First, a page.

This anecdote, analog as it is, illustrates a point that I believe gets more and more relevant as our technology advances: The more we talk about features and functions, the further we are apt to stray from what we're trying to accomplish in the first place. We distract ourselves with concerns about process, scale and cost, and end up building things for companies and departments, not for the people who work in them. We forget our priorities—as business leaders, builders, creators and inhabitants of this world—to place humans at the center of our problem-solving and let technology enable that process, not define it.
Flint, fire, the wheel, printing presses, telephones, even bulletin boards were all intended to serve us and our distinct needs. Yet somewhere in our post-industrial society we became accustomed to catering to the limits of tech advancement instead of what is optimal or even additive for our needs. For a very long time, we've been forced to comply with the limits of technology, and so we got used to letting it dictate the way we worked, went about our days and interacted with others. We collectively shrugged our shoulders at processes and experiences that weren't always natural or intuitive. Technical constraints became our problem to ignore or work around.
Today, that's changing. We've reached a point where the limits of technology feel almost nonexistent and where design and understanding of human behavior and needs is eclipsing the constraints of what's possible. The challenge is shifting to how do we best use all this power to meet human needs. I believe this is truly the new frontier, one that can unleash new ambitions and possibilities in every industry, business and society.
As we move into the future where decisions are exponentially being made by algorithms, and the technology itself is becoming increasingly transparent, the design behind all of this becomes even more important. As processes become more automated and insights more predictive, we—the founders, the designers and the technologists—need to be critically aware of the assumptions we're making and the logic we're encoding, especially when it comes to translating the often irrational quality of human behavior into the highly rational language of machine processes.
After all, sometimes a simple, seemingly logical conclusion can have big consequences. Just look at the unintended impact on public discourse that enabling people to read and see mostly what they like or agree with has had.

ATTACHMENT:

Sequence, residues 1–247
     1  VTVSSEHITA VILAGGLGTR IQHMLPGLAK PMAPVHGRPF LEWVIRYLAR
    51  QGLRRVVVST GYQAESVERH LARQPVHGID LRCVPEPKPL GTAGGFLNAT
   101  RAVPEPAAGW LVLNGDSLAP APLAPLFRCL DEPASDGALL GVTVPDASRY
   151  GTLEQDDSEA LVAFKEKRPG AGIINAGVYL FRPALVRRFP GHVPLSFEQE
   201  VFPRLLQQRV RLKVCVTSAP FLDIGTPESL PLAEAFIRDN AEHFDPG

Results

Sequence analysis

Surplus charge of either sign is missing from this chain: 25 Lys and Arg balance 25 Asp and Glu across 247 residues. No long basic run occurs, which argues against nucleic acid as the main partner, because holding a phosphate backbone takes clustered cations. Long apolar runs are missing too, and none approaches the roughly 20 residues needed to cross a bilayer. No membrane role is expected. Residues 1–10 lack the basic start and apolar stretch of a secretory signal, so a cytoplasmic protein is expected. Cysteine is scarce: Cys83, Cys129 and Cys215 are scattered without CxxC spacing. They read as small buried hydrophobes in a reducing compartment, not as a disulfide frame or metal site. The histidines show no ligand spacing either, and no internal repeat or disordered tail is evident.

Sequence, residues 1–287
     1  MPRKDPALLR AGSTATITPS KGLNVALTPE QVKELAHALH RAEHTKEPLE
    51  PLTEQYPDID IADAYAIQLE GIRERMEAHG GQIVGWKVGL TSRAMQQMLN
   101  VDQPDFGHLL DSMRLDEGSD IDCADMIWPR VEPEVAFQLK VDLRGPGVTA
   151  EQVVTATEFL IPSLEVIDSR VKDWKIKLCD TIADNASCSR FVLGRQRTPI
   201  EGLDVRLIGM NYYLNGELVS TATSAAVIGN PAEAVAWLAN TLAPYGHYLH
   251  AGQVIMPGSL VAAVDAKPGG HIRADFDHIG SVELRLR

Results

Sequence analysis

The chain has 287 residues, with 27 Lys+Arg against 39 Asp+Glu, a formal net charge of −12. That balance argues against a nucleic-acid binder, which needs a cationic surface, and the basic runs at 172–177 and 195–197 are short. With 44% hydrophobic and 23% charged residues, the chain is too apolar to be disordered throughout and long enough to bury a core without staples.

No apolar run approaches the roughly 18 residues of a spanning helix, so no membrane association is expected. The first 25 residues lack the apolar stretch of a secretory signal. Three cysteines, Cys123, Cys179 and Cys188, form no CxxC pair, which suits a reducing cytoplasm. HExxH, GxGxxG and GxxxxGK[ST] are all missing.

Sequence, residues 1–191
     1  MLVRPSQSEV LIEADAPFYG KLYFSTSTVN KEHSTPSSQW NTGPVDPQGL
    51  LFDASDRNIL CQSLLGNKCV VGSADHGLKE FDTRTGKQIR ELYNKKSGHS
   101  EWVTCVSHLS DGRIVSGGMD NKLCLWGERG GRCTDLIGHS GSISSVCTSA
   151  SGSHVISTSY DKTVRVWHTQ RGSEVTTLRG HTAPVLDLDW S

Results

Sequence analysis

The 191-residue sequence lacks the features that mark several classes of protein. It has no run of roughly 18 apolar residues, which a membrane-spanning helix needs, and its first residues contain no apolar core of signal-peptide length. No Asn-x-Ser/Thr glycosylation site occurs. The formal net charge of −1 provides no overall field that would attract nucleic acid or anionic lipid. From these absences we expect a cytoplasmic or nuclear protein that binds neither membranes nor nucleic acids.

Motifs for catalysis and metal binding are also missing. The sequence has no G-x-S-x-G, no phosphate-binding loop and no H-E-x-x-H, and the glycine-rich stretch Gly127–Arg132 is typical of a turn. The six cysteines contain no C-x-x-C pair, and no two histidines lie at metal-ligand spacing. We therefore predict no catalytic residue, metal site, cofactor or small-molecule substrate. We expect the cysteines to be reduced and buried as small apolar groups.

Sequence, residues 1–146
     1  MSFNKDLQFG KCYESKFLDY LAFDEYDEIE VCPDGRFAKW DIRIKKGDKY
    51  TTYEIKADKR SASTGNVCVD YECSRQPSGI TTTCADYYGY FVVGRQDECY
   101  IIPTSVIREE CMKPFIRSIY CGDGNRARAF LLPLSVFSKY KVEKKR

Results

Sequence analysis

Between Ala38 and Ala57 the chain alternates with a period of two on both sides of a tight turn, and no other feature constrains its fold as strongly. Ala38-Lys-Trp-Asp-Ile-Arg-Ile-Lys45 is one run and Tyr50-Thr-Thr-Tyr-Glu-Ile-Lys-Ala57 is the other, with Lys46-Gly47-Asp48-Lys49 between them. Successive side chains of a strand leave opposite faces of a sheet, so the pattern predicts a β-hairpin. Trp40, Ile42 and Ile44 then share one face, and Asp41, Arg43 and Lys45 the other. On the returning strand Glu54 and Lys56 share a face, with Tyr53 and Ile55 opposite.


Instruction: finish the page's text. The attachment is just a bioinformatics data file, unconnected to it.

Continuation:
As a designer, and as a human being, I want to know that decisions like these are considered deeply by a diverse set of thinkers—engineers, sociologists, designers and other people who might see the decision at hand from a different perspective, people who might be able to distinguish between logical conclusions and unintended consequences.
I believe we can design the answers to these challenges, but only if we're willing to truly see the value that comes from elevating the importance of those professionals who can give context and better shape the application of our technology. We need those people to make sure we're solving human problems, not creating them, and that the world we are creating is the world we all want—or at least the experience we thought deeply about creating.
As we move into 2018, and continue the shift from being driven by ideas of what technology should, could and might make possible to remembering what we as humans want and need, we must assert a diverse point of view and expectation of what's next—broadening the idea of what it means to be a good technologist while asking a better set of questions: What business are we really in? What world are we creating? For whom?
This, in itself, is a newfound perspective. All the algorithms, computational intelligence, emerging interfaces and realities, and shiny devices are only as valuable as our ability to use them deliberately and appropriately to enhance relationships, create more natural solutions, and advance the human condition.